Wheat School: Counting kernels to predict yield

How much will that field yield?

That’s a question RealAgriculture agronomist Peter Johnson is often asked when talking with growers. In this episode of Wheat School, he reviews the formula for estimating wheat yield. Johnson says it can be difficult to peg yield because testweight is a wildcard that can be tough to eyeball and it can easily throw off your calculations. But if you want to give it a shot, here’s the formula.

The first step is to count the number of heads per square foot. If you plant in 7.5-inch rows, you’ll need to count the number of heads in 19.2 inches of row; in 12-inch rows, count the number of heads in 12 inches; in 10-inch rows, count heads in 14.4 inches.

Then count the number of kernels per head. Johnson says Ontario wheat tends to average around 35 kernels per head while wheat in Western Canada will average 30 to 32. Then estimate the thousand kernel weight before finally multiplying by 0.0016.

So the formula looks like this: number of heads per sq. foot X number of kernels per head X thousand kernel weight X 0.0016.

Click here for more Wheat School episodes.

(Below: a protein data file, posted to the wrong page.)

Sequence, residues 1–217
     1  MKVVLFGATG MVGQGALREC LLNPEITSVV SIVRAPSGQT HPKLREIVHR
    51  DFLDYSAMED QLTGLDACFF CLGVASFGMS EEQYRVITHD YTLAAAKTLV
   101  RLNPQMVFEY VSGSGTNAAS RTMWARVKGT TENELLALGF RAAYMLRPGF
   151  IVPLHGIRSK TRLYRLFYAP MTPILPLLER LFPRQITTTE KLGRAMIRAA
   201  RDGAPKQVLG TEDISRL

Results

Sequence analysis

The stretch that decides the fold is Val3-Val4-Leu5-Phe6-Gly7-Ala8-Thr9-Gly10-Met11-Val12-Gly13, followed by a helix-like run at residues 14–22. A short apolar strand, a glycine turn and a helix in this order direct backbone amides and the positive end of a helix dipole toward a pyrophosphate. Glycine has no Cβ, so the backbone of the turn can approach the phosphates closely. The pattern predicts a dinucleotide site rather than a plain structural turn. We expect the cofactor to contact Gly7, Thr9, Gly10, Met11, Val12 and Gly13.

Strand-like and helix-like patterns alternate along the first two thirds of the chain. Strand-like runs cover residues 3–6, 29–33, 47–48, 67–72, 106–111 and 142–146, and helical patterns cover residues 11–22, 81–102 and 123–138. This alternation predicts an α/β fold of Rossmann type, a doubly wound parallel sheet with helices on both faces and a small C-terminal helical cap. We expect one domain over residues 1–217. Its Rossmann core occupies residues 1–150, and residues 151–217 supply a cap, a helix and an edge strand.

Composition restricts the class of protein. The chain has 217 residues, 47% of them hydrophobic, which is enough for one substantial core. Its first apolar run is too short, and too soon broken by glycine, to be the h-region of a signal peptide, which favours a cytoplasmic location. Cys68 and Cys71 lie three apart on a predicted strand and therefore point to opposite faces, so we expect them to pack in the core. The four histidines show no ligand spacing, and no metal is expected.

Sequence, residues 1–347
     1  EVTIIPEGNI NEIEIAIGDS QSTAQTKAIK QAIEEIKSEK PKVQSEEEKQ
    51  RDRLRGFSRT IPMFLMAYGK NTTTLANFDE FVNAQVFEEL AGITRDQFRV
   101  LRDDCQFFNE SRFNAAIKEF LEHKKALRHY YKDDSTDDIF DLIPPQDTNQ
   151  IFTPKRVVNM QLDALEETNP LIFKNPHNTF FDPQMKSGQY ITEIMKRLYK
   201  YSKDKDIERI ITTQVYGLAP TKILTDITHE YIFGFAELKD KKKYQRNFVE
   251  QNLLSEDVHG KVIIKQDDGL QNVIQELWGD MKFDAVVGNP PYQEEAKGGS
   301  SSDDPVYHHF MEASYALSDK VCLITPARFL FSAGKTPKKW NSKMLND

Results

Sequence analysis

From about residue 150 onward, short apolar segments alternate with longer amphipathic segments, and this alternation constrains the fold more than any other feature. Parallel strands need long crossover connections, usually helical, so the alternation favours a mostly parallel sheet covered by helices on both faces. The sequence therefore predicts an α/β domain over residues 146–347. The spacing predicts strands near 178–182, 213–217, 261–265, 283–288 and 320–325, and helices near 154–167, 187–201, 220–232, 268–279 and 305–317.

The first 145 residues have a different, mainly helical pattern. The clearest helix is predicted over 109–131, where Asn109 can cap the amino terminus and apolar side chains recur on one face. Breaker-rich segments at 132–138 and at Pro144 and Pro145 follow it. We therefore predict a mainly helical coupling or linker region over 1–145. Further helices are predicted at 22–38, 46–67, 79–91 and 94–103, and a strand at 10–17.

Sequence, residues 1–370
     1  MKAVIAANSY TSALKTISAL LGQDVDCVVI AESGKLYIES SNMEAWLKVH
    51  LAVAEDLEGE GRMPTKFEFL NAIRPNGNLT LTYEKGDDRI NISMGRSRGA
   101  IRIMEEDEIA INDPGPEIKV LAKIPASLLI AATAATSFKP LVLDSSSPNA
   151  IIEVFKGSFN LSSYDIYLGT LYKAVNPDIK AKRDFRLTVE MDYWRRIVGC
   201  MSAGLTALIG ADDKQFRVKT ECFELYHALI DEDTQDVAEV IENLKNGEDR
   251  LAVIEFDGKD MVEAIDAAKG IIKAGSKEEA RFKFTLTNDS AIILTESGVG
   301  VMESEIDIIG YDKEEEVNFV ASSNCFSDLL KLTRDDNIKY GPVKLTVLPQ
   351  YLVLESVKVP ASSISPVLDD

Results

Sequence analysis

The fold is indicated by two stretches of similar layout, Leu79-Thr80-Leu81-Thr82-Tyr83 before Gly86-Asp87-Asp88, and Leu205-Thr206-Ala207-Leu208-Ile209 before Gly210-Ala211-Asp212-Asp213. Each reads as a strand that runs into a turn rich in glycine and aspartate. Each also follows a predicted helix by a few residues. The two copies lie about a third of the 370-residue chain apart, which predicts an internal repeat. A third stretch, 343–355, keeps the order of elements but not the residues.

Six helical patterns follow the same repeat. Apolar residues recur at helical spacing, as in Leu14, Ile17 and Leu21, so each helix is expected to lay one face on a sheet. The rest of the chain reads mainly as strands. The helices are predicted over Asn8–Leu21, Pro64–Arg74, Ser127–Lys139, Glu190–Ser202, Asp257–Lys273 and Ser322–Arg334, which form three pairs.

Bernard Tobin

Bernard Tobin is Real Agriculture's Ontario Field Editor. AgBern was raised on a dairy farm near St. John's, Newfoundland. For the past two decades, he has specialized in agricultural communications. A Ryerson University journalism grad, he kicked off his career with a seven-year stint as Managing Editor and Field Editor for Farm and Country magazine. He has received six Canadian Farm Writers' Federation awards for journalism excellence. He's also worked for two of Canada's leading agricultural communications firms, providing public relations, branding and strategic marketing. Bern also works for Guelph-based Synthesis Agri-Food Network and talks the Real Dirt on Farming.

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